Smart launches Samsung Galaxy Note 10.1

Philippine mobile services provider Smart Communications has introduced the Samsung Galaxy Note 10.1 with a Smart Bro FlexiSurf postpaid plan. The price starts at PHP 1,299 per month with a Pocket WiFi Plan 999 or SIM Plan 999.

We found Samsung’s 2011 Galaxy Note an odd device: it was unwieldy for everyday use as a phone thanks to its 5.3in. screen, and its clever S Pen input showed promise but didn’t quite deliver enough.

The 10.1in. Galaxy Note 10.1 also supports stylus input, and sits in direct competition with Samsung’s Galaxy Tab 2 devices — although it’s more expensive. The Wi-Fi only Galaxy Tab 2 10.1 currently sells for £264 (ex. VAT) SIM-free, while the Wi-Fi and 3G version costs £349 (ex. VAT). The equivalent Galaxy Note 10.1 models cost £335 and £420 (ex. VAT) respectively.


The Galaxy Note 10.1 is very similar in appearance to the Galaxy Tab 2 10.1. The distinctive pair of speaker grilles on the front are a trademark, and their location is welcome since it means you can’t accidently cover them with your hands.
review sample’s white screen bezel (there’s also a grey version) has silver (dark grey on the other version) edging that extends into the back to frame the 5-megapixel rear camera. The majority of the backplate is white (or grey), very shiny and probably prone to scratching — although it doesn’t attract fingerprints. It flexes a little when pressed, but not enough to cause real concern.


The general look and feel doesn’t match the quality of the third-generation iPad or Asus Transformer Pad Infinity, for example, although it’s superior to that of low-end tablets. Considering the price of the Galaxy Note 10.1, we expect better.

The 10.1in. screen delivers good viewing angles and is bright enough, but the resolution, at 1,280 by 800 pixels or 149 pixels per inch (ppi), is disappointing. Asus manages 1,920 by 1,200 (224ppi) on its Transformer Pad Infinity, while Apple delivers 2,048 by 1,536 pixels in a 9.7in. screen (264ppi) on the third-generation iPad. Samsung’s flagship smartphone, the Galaxy S III, delivers a similar resolution — 1,280 by 720 pixels — in a much smaller 4.8in. screen, giving more than double pixel the density at 306ppi (but not as high as the iPhone 5’s 326ppi — 640 by 1,136 pixels in a 4in. screen).

The Galaxy Note 10.1 weighs 597g for the Wi-Fi only version and 600g for the Wi-Fi+3G option; it’s a shade heavier than the Galaxy Tab 2 10.1 and significantly lighter than the latest iPad, which weighs 652g (Wi-Fi) or 662g (Wi-Fi+3G).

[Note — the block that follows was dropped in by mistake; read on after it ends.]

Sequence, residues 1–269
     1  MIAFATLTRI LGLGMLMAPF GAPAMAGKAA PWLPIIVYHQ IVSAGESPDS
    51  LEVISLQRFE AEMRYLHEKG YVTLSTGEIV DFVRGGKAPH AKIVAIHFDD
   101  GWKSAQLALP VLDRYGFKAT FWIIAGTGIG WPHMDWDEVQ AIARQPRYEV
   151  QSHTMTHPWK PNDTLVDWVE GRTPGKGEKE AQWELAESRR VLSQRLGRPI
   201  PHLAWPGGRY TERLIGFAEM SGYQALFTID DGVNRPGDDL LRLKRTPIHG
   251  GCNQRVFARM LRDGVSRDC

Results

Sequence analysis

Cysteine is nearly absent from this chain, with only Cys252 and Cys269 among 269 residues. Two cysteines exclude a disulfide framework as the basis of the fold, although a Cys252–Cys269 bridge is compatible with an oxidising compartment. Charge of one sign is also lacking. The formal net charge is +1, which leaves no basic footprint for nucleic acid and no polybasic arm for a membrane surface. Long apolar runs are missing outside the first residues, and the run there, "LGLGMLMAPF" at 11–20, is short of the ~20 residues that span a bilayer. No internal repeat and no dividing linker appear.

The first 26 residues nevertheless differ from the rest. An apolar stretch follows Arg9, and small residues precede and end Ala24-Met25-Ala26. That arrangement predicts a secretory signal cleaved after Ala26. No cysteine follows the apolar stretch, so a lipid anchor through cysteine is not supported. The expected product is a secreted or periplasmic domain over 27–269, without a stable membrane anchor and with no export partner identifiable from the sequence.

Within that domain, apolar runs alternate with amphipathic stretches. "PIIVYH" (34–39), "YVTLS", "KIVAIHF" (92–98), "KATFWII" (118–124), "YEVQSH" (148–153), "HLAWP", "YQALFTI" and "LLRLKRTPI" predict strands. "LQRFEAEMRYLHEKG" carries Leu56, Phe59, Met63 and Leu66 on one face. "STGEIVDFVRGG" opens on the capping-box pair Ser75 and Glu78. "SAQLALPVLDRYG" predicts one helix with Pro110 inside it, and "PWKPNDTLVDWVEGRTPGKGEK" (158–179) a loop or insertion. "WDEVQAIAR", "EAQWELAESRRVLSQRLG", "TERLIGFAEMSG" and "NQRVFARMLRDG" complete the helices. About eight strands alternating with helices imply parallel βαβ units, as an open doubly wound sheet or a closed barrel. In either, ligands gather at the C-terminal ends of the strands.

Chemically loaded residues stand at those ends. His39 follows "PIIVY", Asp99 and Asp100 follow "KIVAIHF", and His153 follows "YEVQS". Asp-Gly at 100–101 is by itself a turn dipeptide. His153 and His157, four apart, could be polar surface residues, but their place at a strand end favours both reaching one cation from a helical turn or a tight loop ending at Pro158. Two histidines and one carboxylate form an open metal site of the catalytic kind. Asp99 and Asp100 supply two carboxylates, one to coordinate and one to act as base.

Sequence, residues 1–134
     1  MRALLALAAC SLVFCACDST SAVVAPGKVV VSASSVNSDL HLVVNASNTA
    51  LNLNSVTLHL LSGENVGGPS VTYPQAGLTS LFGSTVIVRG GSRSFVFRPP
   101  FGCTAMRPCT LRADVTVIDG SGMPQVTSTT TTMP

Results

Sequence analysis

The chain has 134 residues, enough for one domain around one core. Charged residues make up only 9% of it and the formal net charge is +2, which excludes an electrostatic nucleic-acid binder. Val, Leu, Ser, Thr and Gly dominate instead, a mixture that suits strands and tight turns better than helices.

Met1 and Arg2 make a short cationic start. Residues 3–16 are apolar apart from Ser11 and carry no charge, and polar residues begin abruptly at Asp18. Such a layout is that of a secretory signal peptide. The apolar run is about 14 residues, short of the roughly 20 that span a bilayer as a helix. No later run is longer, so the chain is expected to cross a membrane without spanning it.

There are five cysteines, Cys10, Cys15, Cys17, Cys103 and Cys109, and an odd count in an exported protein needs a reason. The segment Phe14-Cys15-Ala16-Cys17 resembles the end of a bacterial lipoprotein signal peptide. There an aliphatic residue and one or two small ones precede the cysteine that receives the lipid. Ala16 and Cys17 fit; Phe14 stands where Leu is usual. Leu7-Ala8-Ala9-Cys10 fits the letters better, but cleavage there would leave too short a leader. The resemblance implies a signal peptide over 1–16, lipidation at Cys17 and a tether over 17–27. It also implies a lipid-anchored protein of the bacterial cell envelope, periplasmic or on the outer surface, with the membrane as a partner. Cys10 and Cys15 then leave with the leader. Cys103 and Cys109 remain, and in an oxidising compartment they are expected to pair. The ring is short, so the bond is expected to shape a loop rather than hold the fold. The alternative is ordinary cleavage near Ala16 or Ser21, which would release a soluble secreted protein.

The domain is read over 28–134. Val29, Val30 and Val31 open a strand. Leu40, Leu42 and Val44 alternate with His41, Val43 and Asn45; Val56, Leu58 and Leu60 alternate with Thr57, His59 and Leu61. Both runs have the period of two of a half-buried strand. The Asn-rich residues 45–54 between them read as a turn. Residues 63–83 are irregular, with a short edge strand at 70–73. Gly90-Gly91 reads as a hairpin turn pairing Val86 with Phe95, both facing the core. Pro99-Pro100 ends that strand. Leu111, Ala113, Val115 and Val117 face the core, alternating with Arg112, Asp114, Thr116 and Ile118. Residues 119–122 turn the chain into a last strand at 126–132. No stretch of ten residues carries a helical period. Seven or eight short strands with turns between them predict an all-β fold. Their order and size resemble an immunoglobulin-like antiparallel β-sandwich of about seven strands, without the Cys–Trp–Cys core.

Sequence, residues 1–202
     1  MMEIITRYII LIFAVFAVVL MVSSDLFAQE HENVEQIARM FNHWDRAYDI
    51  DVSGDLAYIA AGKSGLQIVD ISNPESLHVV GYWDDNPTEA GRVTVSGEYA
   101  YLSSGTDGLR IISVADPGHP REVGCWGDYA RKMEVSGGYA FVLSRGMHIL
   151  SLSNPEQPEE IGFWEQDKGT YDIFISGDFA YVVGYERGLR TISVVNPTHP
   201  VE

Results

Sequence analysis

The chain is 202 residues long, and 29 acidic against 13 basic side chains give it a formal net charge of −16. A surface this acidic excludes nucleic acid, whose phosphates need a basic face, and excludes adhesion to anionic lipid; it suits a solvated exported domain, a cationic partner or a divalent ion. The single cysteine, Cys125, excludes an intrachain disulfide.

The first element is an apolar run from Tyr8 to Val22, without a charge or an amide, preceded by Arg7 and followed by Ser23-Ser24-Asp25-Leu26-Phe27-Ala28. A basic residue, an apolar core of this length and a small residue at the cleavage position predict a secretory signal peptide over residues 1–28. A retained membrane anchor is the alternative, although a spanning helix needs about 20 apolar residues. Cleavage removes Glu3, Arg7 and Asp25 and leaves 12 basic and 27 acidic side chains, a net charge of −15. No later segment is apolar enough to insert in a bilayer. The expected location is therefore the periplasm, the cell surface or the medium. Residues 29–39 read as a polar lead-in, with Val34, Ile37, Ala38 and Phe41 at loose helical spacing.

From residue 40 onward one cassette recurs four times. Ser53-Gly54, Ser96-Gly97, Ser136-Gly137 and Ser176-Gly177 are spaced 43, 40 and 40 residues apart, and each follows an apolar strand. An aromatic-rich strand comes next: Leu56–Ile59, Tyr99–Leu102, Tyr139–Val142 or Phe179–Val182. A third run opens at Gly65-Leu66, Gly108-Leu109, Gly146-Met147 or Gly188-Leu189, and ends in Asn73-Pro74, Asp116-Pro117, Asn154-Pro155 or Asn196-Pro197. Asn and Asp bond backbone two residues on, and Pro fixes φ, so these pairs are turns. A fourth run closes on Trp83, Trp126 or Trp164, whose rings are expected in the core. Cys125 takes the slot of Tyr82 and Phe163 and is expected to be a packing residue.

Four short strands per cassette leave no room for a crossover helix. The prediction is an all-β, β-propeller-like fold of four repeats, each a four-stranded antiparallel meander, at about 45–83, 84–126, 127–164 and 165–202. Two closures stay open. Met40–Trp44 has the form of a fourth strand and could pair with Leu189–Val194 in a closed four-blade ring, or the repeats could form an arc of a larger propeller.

The Galaxy Note 10.1 runs on a 1.4GHz quad-core Exynos 4410 processor supported by 2GB of RAM — this is the first time we’ve seen more than 1GB of RAM in any tablet or smartphone. Dual-band (802.11a/b/g/n) Wi-Fi and Bluetooth 4.0 are integrated as standard, and you can have 3G mobile broadband as an option. There is 16GB of internal storage, of which 11.66GB was free on our review sample. A microSD slot lets you add more storage capacity.

Samsung uses a proprietary port for battery charging and PC connection, which is irritating. There’s no Micro-USB port, so you really don’t want to mislay that Samsung cable.

standard QWERTY keyboard

Samsung has included a number of interface tweaks. The keyboard, for example, comes in three versions, which you switch between by pinching inwards to call up a trio of thumbnails.

The standard QWERTY keyboard offers a separate number row and a useful button that intuitively changes between ‘.com’ and ‘www.’. The floating keyboard is smaller, while the split keyboard is ideal for use when holding the device and tapping with your thumbs in landscape mode.

Performance & battery life

Battery life was good. The 7,000mAh Lithium Ion cell didn’t perform outrageously better or worse than the average and you ought to get between eight and nine hours from it depending on how hard you push. During our testing period we never felt it was powering down faster than we’d expect.


[list style=”unordered” type=”type3″] Responsive S Pen stylus
Quad-core processor
Nice split-screen function
The only 10.1in. tablet with pen input


[list style=”unordered” type=”type3″] Proprietary charge/PC connector
No Micro-USB port
No HDMI port
Handwriting recognition could be supported more widely
Relatively expensive
Slightly flimsy build
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